University of Bayreuth, Press release No. 132/2021, 24 September 2021
Microorganisms on a voyage of discovery: Physicists decipher movement patterns of unicellular microbes
Many microbes have only very limited freedom of movement in their natural environment. Like in a maze, they are blocked from moving in straight lines in soils or even in the human body. That means, they have to navigate through structures full of curves and edges. In the process, highly directional movement patterns can emerge, as physicists from the University of Bayreuth and Loughborough University in the UK have now discovered. In the journal PNAS, they present their findings, which could be used for the control of microrobots and the targeted delivery of medical agents in the body.
Visualization of the movement patterns of a microbe in a defined environment. The study demonstrates that the movement path of the microbe directly depends on the curvature of the compartment. Image credits: Esinam S. A. Dake, Jan Cammann, Marco G. Mazza.
The new study shows that the movements of single-celled living organisms are by no means always as random and poorly targeted as they seem when viewed under the microscope. "A large number of microorganisms live in porous environments, for example in wet interstices in soils. Here, it is difficult for them to find the nutrients they need to survive and reproduce. In the tightly interlocked spatial structures of their environment, they repeatedly bump into walls from which they bounce off. That's why we considered what strategies unicellular microorganisms pursue to explore such complex environments and to find their way through bottlenecks," says Prof. Dr. Oliver Bäumchen, who, with his Bayreuth research group, approached this question from an experimental physics perspective. A research group led by Prof. Dr. Marco Mazza in Loughborough has been working in parallel on the application of methods from theoretical physics.
The scientists succeeded in recreating the structures of microbial natural environments in the laboratory. They created chambers with precisely defined shapes and managed to confine exactly one microbe in each of these chambers. They used microbes of the species Chlamydomonas reinhardtii, which is often used as a model organism in both the life sciences and physics. "We observed how the microbes move through the liquid by the synchronous beating movements of two flagella, and analysed the pathways using statistical physics methods," Prof. Bäumchen explains. The British team created accurate physical models and carried out computer simulations and analytical calculations. "When we analysed the large amount of experimental data and compared it with the simulations, we discovered surprisingly clear structures that matched our calculations almost perfectly," explains Prof. Mazza.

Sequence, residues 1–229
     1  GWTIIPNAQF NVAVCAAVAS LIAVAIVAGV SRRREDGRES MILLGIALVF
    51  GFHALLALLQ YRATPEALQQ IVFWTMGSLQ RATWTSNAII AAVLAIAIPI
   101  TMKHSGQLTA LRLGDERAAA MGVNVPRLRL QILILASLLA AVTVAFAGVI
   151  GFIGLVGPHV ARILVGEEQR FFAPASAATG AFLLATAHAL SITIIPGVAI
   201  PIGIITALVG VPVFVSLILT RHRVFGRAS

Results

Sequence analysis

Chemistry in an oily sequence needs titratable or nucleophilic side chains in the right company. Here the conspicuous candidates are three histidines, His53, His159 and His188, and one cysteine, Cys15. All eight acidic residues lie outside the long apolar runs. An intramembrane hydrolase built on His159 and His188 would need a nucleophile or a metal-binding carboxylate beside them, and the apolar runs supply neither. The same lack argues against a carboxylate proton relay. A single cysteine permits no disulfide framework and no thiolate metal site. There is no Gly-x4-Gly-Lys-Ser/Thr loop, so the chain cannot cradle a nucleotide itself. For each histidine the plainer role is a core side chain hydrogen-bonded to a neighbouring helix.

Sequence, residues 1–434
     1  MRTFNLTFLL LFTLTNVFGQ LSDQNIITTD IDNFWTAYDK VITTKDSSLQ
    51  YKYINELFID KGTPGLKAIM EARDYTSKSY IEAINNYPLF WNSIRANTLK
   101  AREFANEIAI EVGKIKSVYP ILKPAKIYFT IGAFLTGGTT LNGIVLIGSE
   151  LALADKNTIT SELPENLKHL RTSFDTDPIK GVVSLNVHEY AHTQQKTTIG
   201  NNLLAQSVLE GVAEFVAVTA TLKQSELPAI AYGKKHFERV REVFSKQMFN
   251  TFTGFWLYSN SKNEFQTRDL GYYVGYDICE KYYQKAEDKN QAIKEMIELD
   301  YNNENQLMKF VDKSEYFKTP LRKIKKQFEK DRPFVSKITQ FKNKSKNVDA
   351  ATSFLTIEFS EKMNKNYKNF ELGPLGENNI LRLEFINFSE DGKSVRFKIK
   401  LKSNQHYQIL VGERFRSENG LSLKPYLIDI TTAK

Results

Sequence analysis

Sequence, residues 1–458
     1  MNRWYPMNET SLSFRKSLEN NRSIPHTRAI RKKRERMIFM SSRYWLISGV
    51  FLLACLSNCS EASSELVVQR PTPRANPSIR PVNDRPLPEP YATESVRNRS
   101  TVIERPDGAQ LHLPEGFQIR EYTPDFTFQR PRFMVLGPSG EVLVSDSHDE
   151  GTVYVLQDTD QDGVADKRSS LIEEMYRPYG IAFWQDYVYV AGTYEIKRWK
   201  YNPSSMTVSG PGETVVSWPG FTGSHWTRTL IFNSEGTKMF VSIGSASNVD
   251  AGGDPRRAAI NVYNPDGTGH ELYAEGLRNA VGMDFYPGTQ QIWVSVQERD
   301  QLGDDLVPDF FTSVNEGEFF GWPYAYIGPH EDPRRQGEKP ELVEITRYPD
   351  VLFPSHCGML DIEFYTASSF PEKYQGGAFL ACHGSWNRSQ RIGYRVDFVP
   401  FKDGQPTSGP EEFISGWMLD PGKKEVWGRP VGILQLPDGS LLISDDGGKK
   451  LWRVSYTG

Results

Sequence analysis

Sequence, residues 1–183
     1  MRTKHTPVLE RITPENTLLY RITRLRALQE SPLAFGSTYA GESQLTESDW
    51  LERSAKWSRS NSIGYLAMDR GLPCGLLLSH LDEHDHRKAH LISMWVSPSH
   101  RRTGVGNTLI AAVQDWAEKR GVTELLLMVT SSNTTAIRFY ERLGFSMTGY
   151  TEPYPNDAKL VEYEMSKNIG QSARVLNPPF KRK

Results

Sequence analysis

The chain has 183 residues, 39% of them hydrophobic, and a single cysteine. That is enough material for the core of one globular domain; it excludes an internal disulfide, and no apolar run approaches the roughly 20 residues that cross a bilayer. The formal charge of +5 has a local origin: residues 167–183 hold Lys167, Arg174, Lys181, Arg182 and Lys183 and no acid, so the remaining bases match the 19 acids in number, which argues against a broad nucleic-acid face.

Prof. Dr. Oliver Bäumchen, University of Bayreuth
The physicists now deliberately changed the geometric shapes of the chambers in which the microbes were located. The spatial structures ranged from simple elliptical shapes to complicated flower-like chambers. "There was a clear and fundamental relationship between the movement patterns of the microbes and the geometric structures of their environment," says Jan Cammann, lead author of the study and a doctoral researcher at Loughborough. "The more the curvatures of the walls varied, the more concise the directional movement patterns became," adds Dr. Fabian Schwarzendahl, who was also involved in the study and is now a researcher at the University of Düsseldorf.
The experimental-theoretical collaboration between the two physics teams began during their time at the Max Planck Institute for Dynamics and Self-Organisation in Göttingen. "Together, we hope to investigate in the future how not only individual cells, but entire populations of microorganisms explore complex environments - for example, to track down sources of nutrients. It is immensely exciting to look at such living systems with a physicist's eye, and to investigate the special function of physical phenomena, such as swimming movements or even their adhesion to surfaces. Our study, which has now been published, shows once again that not only biological processes but also physical properties can be associated with evolutionary advantages. We wish to explore these connections further," explains Prof. Bäumchen. His British colleague Prof. Mazza adds: "The movement patterns we discovered, as well as the interplay between geometric structure and directed microbial movement, are potentially valuable for applied research as well. For example, these insights could potentially be used to direct natural microorganisms or artificial microrobots in a desired direction and to deliver pharmaceutical agents to their target in the body."
J. Cammann, F. Schwarzendahl, T. Ostapenko, D. Lavrentovich, O. Bäumchen, and M. Mazza: Emergent Probability Fluxes in Confined Microbial Navigation, PNAS – Proceedings of the National Academy of Sciences of the USA 118, e2024752118 (2021). DOI: https://doi.org/10.1073/pnas.2024752118